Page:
Evaluating male and female sports coaches: The influence of gender bias on perceptions of a coach’s effectiveness.
Cardiff Metropolitan University
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Whilst some athletes form a strong bond with their coach, emerging literature indicates problems can occur within the relationship due to gender differences or similarities (e.g., Medwechuk and Crossman, 1994; Perloff, 1982; Parkhouse and Williams, 1986). In spite of this, there is currently limited knowledge of the likelihood of gender bias occurring in non-elite coaching environments, and as such a better understanding of factors influencing it is needed. The aim of the study, therefore, was to investigate whether gender bias occurred in non-elite sport settings and what the factors contributing to such bias’ were. The objectives further explored: whether mistreatment occurred and what effect it had on athletes’ motivation to perform in sport; the features which construct a coach-athlete relationship; and whether the athletes’ desire to perform for the coach depended on the gender, or the resources they used within the session. Semi structured interviews were conducted with six non-elite athletes sampled from a range of sports (e.g., rugby, hockey and swimming). Interviews were analysed both inductively and deductively allowing three themes to emerge from the data: (a) relationships, (b) performance, and (c) motivation. The findings supported previous research which suggested gender bias was seen to flourish (e.g., Medwechuk and Crossman, 1994); nonetheless it became apparent that the rate is much less than previously stated and preferences in abilities and techniques of coaches have overtaken. The results displayed that the coach is evidently one of the most important and influential factors contributing to an athlete’s experience in sport. Body image and predetermined insights of sports enforced implications to the study which will be discussed further throughout.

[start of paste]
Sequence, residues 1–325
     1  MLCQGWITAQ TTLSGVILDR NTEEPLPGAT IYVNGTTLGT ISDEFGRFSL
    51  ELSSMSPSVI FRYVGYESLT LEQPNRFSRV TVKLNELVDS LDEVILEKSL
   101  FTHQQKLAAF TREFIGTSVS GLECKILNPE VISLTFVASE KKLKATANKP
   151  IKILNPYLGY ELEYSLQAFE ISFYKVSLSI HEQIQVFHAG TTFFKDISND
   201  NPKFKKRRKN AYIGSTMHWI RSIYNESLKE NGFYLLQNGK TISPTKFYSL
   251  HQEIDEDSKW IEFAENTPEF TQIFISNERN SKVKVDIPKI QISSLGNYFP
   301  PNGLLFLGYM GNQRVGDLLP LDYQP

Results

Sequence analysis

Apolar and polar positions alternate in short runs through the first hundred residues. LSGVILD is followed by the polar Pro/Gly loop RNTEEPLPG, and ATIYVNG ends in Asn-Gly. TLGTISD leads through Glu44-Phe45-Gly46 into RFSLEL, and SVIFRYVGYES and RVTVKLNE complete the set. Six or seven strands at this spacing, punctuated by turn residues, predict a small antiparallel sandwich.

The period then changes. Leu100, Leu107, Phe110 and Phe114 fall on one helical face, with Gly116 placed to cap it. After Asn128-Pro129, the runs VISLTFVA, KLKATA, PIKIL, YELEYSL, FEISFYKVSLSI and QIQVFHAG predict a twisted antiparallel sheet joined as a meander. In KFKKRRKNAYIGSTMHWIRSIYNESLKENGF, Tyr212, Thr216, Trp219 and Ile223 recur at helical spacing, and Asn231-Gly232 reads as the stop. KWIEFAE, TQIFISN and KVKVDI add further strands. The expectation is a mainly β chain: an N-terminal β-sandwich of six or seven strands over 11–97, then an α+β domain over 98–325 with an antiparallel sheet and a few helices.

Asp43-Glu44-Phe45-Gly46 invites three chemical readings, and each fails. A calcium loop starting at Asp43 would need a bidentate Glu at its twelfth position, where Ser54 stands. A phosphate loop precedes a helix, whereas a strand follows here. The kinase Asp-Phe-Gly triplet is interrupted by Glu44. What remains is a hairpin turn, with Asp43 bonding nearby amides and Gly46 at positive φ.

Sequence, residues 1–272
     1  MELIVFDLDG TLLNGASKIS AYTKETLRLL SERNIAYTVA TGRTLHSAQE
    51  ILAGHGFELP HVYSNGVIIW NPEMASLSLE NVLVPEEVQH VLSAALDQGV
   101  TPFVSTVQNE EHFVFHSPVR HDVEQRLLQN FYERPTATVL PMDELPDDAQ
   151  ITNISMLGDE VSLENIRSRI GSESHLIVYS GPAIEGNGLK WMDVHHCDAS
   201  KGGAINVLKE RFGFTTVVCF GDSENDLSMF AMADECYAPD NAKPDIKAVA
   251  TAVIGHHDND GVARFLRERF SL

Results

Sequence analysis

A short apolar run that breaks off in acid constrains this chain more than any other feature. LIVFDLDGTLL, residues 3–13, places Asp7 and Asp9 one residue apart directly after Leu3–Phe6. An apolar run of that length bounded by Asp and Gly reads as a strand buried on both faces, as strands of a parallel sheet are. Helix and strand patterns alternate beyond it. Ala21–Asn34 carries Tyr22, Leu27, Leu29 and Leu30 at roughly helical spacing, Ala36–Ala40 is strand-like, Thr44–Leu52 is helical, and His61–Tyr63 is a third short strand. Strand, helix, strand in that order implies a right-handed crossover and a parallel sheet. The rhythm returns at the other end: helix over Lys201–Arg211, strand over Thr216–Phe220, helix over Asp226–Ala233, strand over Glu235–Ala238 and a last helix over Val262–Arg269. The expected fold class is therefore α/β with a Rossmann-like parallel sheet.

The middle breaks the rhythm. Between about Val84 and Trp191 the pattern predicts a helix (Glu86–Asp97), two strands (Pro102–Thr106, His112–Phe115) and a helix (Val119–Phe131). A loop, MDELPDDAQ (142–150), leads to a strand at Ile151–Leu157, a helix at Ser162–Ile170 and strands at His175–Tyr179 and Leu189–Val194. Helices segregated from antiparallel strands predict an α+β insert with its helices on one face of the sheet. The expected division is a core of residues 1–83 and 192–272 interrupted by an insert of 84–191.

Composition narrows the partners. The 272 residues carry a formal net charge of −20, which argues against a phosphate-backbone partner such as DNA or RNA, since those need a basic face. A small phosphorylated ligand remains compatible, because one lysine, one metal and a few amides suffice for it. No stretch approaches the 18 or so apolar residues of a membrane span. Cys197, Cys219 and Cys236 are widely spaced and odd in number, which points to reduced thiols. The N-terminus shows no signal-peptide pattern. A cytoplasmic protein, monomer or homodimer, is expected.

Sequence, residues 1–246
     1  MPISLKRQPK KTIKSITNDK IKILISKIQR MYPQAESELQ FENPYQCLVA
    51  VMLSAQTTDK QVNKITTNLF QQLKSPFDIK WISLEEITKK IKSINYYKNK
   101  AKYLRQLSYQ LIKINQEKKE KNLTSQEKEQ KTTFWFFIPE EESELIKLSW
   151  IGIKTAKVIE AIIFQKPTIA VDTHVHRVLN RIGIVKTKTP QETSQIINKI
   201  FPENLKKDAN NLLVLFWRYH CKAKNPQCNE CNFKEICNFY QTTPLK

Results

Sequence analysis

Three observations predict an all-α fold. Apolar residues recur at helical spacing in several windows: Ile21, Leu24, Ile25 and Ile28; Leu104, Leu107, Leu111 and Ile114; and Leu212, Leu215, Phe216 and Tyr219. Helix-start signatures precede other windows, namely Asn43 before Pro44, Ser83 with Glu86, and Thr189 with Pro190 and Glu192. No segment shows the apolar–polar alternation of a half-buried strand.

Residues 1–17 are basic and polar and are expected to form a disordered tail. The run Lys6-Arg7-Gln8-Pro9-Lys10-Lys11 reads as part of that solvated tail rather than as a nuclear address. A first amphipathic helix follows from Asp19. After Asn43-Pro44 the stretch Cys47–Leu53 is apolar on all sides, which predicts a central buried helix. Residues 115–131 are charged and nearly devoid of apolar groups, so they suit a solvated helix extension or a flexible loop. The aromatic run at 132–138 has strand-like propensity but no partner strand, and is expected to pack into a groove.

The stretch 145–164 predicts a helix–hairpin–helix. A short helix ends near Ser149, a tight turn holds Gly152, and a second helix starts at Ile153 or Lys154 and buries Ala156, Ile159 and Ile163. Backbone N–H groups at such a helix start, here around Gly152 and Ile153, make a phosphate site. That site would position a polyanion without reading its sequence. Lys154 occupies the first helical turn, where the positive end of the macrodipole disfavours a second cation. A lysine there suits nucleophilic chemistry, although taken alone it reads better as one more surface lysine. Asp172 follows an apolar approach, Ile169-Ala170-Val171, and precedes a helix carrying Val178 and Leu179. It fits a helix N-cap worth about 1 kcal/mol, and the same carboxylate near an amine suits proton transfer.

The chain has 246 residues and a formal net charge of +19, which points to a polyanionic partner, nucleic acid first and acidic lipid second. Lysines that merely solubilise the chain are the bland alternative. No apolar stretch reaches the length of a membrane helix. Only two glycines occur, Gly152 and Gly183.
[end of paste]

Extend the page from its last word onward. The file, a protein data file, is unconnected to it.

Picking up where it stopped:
DEGREE OF BACHELOR OF SCIENCE (HONOURS) SPORT COACHING
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